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Medical Hypocrisy and Effectism in Cognitive Science

Wednesday, October 30, 2019, 11:00am - 12:30pm

Tillet Hall, Room 226, Livingston Campus

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Rutgers Psychology [for Psychology Students (Undergraduate/Graduate)] presents:

J.P. de Ruiter [Tufts University] 

In the cognitive sciences, our most common way to empirically support theories is to collect empirical data and then demonstrate the presence of a statistically significant "effect" that would be predicted by our theory. 

Most psychologists believe that by using this general methodology, we are following (a variant of) Popper's falsificationism, because in our statistical standard paradigm, we try to falsify the null hypothesis that there is no effect. But in fact, we are doing the *opposite* of what Popper proposed.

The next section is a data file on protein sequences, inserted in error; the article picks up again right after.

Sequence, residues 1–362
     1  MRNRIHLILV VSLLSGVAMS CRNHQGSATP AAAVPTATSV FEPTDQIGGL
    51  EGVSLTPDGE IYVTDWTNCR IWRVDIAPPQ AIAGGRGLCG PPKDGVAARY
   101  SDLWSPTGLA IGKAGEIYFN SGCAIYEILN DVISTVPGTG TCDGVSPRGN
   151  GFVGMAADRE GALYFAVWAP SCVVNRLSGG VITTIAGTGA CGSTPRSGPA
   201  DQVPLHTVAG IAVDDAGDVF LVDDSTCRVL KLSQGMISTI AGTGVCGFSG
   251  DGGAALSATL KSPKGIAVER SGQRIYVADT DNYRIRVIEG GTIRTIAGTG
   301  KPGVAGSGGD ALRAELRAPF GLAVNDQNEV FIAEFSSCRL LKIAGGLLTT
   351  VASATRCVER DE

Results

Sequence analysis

Arguably even more dangerous is our assumption that a significant effect suggest its own explanation, which leads to weak, hand-wavy, and badly motivated theories. I will discuss these two methodological problems, provide illustrative examples from cognitive psychology, and suggest some ways to avoid them.

 

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